HOW I HANDLE IT:  This is pretty much the worst symptom, and I find the best way to get over it is to get in there and start interacting with other bloggers. Recognise that XX is likely NOT ragging or dishonest, it may just be my own personal negativity that’s projecting onto them. Talk to your friends about what’s bothering you. Air your grievances by a discussion post (though remember to keep it classy). Alternatively, just disconnect from the Internet altogether for the night and go watch some telly instead. When you feel more positive, everyone will become lovable again.


IV. You stop looking at your stats altogether

I confess that I have stopped looking at my pageviews or follower count for the last 2 weeks. While stats is not everything, I find that ignoring them altogether is a sign my honeymoon period is truly over. Stats are still a great way to gauge how well I am engaging my audience, and to create content that keeps engaging them. I should not avoid it just because I think the blog is under-performing.

HOW I HANDLE IT:  Don’t shy away from the numbers – while they might not be everything, they still give a good indication of how you’re doing and help you set goals for the blog. A blog with no direction will never engage its own owner, which is a quick spiral to apathy. I find I have more motivation if I have something to work towards, whether it be a small increase in followers or weekly pageviews. The stats is not all evil.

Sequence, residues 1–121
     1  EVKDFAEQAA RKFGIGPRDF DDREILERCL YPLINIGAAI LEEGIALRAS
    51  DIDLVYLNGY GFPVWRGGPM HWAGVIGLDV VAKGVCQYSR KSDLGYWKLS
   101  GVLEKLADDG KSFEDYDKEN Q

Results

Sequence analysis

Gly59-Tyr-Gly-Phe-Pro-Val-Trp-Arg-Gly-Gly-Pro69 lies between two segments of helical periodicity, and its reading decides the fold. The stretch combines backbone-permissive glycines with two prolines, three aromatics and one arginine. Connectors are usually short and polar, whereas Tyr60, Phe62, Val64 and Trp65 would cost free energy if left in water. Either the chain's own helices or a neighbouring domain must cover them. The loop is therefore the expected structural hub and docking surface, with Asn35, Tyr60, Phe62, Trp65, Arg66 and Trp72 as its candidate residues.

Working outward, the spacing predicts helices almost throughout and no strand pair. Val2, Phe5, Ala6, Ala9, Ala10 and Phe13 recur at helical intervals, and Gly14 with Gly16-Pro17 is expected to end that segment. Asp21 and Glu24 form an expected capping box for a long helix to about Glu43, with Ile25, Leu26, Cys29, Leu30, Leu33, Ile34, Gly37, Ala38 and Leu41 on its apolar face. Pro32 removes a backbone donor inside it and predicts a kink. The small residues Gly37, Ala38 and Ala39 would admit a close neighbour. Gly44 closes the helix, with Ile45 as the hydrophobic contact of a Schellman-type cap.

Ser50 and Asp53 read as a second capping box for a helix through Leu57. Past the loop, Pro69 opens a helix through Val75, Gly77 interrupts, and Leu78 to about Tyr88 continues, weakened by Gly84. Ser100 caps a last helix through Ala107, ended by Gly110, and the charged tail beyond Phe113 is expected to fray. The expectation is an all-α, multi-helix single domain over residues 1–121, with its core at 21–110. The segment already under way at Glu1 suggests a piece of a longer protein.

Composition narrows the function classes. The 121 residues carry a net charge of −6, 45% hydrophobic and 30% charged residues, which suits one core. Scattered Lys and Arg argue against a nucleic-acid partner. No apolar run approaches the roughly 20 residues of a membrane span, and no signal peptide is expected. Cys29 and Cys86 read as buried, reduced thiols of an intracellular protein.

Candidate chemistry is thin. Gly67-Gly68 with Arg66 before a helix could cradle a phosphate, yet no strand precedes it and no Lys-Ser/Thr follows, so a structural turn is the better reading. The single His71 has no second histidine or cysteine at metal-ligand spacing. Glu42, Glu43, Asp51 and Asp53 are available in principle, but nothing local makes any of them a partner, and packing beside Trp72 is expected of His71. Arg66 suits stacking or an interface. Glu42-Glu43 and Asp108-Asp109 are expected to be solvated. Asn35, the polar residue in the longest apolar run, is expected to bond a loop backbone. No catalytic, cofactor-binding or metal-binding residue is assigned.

V. You start to indulge in other hobbies

When I first started blogging, it was much like the beginning of a new romantic relationship. I only wanted to read, blog, and tweet to other bloggers. Then the rose-tinted glasses fall away and I spend my night parked in front of the tv, or off planning my next holiday instead.

HOW I HANDLE IT: There absolutely does not need to be a cure for this, you’re allowed other hobbies, this is not your job! I find that knowing other stuff helps me with my blogging as well, in the long run. Whether it enables you to create a recommendation posts for books based on TV series; or fancast more accurately; or feature a travel destination in a blog post. Basically, you should be allowed to love what you do, even if it’s not book related.

Do you have any other tips you could use to reignite your love for books and blogging, I would LOVE to hear it.  Do you suffer from any of my symptoms? Or are you completely opposite? Please share!

111 thoughts on “5 Signs Your Blogging Honeymoon Is Over (And How To Deal!)

  1. How awesome is this post?!?! I found your blog through The Araliya Bookshelf blog 🙂 You have some amazing posts, especially this one!! You have a new bloglovin follower ❤ Ty for the encouragement!!


  2. It amazes me how you manage to write such optimistic and inspiring post on such depressing topic as blogging slump, Aentee! I relate to your first two points very much. I definitely became more critical since I started blogging. You gave a great advice how to handle a dread of writing a review.


    1. Thank you! I highly recommend trying to incorporate pics or lists into the reviews. I find it a lot more fun to write that way 🙂 just experiment and see what works best for you!